Choosing the product Format—WEA Guides the process

by Cynthia Warger | July 07, 2019 | Writing and Content Development
An important step in developing a publication is choosing the format for the final product or products. It starts with strategizing about the best way to showcase your ideas for the maximum impact. It involves knowing your audience and how they would prefer to receive your information. And, it requires an understanding of the available communication formats and how each can be used to influence an audience. This blog describes commonly used formats used for developing educational products.

News-worthy formats. These formats often are used when the message is brief and has a personalized appeal. The intended purpose is to get people’s attention about something—a person, a story, a topic, a finding, a resource, and so on—by announcing something, testing the waters, reporting on new findings, providing an update, or sharing information. These types of products tend to be more conversational in style and are crafted to engage readers in the story. Examples are newsletters, feature stories, editorials, blogs, social media posts, and special publications on a topic.

Briefs. These formats typically are one- to four-page documents that are used when the message is succinct and requires an objective, formal presentation. Brief formats often are used to refer to a larger document, as is the case with an executive summary, essential findings from a large study, questions and answers on a topic, or recommendations customized for a specific audience (e.g., policymaker implications).

Practical tools. Tool formats help the user become knowledgeable about a topic, develop skills, and/or take action on something. Examples include how-to or step-by-step guides, manuals, and booklets. Tools include various items—such as assessments, checklists, forms—that assist the user in implementing a strategy or approach. In recent years, toolkits have become a popular format for packaging a variety of items or tools designed to help users implement an idea or take action on something. Toolkits might contain a print or web-based guide and a digital feature (e.g., USB drive) that contains a range of supplemental files, including PDFs, PDF fillable forms, MP4 movies, audio presentations, slide presentations, Excel files, professional development tools (face-to-face and virtual formats), and so on. These may be web-based, printed, or a combination.

Novelty items. These product formats are intended to raise attention and distribute limited information into people’s hands quickly. They also help users stay linked to a larger community of users. We typically think of novelty formats as conference or workshop give-aways (e.g., inscribed pens, posters, keychains, bookmarks, magnets, etc.). However, the format may be a novelty feature that makes a product unique and noteworthy (e.g., an easel back to a manual, a flip book of tips, a laminated desk guide that summarizes an approach, wallet-sized cue cards, and so on).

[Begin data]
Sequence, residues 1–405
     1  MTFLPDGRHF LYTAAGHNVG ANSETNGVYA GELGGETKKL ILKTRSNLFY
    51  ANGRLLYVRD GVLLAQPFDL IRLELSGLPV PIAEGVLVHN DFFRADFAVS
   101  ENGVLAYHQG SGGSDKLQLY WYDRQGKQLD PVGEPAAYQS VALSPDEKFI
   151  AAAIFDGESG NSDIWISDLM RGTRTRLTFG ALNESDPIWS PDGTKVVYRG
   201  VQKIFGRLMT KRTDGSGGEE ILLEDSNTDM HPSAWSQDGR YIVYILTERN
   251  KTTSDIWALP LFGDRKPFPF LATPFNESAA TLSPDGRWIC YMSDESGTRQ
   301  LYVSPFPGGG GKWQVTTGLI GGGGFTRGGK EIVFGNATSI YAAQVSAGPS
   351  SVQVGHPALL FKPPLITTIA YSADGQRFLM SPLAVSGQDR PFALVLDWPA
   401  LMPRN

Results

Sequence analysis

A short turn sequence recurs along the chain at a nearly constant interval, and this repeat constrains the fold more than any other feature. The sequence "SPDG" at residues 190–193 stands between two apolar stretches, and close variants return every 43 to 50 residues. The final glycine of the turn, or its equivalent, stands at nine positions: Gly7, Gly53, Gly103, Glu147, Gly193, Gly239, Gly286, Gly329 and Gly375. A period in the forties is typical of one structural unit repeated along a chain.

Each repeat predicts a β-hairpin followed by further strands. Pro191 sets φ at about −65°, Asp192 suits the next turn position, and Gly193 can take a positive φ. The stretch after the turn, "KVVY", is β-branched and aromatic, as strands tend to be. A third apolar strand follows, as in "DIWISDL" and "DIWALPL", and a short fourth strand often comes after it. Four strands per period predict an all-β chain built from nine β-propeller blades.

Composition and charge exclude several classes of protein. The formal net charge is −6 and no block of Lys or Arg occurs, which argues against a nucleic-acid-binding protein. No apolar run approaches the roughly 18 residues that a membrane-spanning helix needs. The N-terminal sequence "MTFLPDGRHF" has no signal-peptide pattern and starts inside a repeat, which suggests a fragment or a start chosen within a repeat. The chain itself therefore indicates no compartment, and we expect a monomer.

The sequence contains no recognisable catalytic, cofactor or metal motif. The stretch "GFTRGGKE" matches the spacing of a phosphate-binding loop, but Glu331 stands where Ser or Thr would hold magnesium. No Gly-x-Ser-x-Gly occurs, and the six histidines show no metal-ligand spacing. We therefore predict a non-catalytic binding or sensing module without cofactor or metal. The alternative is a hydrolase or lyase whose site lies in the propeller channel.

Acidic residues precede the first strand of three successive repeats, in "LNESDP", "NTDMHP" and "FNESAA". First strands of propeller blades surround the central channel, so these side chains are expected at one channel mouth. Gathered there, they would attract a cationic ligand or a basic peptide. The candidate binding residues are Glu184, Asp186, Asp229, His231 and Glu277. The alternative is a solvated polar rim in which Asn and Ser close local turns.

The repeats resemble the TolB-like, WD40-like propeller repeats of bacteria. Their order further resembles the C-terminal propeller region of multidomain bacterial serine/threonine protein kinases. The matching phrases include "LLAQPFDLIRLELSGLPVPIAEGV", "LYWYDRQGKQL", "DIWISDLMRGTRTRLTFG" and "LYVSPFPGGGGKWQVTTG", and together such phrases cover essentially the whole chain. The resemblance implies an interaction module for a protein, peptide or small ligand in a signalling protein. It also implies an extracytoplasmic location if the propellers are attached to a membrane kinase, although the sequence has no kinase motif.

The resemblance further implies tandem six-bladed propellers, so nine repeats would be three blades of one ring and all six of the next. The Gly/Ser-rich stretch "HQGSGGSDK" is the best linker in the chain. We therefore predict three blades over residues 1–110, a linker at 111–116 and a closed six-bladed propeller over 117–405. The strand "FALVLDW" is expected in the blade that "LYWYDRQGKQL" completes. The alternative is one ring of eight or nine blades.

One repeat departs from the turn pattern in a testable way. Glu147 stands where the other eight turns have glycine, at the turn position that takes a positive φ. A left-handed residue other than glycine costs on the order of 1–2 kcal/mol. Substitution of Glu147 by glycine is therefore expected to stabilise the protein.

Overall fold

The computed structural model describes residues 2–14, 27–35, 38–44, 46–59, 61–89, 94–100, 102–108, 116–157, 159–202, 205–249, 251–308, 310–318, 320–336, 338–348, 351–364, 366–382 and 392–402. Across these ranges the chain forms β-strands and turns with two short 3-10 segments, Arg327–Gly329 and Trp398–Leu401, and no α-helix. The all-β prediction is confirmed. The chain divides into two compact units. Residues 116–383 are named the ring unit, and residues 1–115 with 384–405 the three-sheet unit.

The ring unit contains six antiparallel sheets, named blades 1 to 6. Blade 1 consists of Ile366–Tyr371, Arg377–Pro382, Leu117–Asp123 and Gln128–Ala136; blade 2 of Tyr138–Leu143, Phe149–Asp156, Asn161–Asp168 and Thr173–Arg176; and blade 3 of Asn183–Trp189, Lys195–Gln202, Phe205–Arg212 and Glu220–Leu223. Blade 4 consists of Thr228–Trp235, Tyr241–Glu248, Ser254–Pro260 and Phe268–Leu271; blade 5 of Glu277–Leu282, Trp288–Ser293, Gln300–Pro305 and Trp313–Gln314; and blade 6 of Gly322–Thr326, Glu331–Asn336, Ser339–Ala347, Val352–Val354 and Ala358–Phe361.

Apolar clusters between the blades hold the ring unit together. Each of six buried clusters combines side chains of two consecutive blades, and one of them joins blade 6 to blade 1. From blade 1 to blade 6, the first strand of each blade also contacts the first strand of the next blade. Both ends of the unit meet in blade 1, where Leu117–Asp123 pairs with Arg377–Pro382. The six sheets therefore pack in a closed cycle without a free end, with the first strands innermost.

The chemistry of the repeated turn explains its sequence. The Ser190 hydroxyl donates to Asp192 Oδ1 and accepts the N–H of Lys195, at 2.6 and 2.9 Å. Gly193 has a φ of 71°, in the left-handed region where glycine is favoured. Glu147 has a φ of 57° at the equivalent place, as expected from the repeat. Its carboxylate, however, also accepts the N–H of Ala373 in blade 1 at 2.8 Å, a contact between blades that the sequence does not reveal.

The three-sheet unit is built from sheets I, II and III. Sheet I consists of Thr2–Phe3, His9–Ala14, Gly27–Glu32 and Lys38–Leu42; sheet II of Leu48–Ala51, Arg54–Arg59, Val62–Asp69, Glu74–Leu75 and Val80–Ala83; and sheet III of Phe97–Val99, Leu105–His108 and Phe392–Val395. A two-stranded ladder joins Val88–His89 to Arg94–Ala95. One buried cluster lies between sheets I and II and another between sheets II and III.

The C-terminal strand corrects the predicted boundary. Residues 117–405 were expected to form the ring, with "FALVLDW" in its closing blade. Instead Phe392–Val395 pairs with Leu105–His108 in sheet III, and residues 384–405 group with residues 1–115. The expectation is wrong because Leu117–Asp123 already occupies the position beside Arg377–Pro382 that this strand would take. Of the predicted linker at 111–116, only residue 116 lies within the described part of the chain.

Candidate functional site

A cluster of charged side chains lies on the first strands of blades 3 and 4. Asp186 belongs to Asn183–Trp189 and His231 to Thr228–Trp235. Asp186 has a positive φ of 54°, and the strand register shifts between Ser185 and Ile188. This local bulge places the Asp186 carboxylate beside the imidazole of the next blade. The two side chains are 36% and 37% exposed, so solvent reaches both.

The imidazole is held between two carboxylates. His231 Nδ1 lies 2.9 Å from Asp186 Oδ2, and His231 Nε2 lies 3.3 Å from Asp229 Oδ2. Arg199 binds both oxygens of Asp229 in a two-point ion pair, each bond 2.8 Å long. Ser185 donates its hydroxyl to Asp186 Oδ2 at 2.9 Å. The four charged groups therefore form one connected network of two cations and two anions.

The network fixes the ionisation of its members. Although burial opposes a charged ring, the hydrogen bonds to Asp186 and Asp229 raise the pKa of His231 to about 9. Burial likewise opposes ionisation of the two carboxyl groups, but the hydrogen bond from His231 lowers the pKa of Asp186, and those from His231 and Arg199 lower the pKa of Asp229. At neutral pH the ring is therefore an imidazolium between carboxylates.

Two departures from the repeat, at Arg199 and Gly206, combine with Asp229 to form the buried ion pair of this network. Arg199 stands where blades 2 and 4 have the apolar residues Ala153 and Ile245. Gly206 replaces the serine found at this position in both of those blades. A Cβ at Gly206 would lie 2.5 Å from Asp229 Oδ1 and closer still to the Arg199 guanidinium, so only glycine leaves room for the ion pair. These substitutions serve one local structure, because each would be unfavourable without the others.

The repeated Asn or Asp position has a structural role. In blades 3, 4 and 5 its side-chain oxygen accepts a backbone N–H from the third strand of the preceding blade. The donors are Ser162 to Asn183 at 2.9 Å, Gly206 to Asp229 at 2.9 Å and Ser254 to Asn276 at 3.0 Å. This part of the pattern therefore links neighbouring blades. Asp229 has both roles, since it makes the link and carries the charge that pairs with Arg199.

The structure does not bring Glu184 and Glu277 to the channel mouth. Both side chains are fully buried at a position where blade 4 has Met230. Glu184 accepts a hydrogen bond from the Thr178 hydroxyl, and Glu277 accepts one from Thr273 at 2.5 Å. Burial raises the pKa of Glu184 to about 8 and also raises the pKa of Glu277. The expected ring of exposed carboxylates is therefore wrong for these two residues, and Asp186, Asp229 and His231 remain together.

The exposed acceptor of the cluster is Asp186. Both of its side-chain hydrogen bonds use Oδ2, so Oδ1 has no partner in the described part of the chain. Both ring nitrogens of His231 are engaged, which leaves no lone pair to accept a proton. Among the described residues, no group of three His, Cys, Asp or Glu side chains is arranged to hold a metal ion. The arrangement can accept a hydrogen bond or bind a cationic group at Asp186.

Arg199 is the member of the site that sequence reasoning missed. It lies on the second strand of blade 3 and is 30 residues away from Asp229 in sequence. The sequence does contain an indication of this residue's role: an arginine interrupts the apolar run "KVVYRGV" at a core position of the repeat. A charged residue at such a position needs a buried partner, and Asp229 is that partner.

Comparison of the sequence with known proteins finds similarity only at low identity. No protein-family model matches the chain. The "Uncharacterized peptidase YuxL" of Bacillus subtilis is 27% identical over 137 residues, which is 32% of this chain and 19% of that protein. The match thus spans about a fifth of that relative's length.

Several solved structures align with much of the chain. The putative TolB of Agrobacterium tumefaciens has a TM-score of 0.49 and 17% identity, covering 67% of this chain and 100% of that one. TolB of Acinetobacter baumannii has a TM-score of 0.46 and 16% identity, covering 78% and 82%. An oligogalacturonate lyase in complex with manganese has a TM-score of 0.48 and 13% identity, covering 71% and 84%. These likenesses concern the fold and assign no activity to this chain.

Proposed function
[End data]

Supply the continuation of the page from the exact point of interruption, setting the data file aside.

Public relations materials. These product formats help advertise your message. They create awareness and are designed to get you noticed. Examples include brochures, flyers, postcards, announcements, space ads, greeting cards, press releases, social media campaigns, and events (e.g., panel discussions, press conferences, etc.).

Multimedia formats. These product formats are used when your message is enhanced by seeing it and/or hearing it. Often, media compliments other products by providing multiple access points. Examples include websites, video programs (e.g., public service announcements, documentaries, vignettes, short ads, how-to demonstrations, original programming, etc.), audio programs (e.g., podcasts, toll-free messages, etc.), and social media. 
Choosing the Product Format—WEA Guides the Process
Armed with an understanding of various product formats, you are in a better position to choose which product format (or formats) is best for connecting your message with your audience. WEA has a successful track record in helping clients decide the best approach for influencing their audiences. We specialize in developing customized books, brochures, briefs, newsletters, annual reports, video scripts, multimedia products, and specialty publications—and have numerous examples of how each format can be maximized for the greatest impact.

When it comes to choosing the product format, WEA takes several factors into account.
  • Your message.
  • Your audience.
  • Your goal, purpose, and/or objective.
  • Your budget. 
While this analysis might add some time onto the project, WEA believes it is time well spent in ensuring that your ideas and information make a difference.

Choosing a product format that is a perfect fit with your message and audience is an important step in developing your product.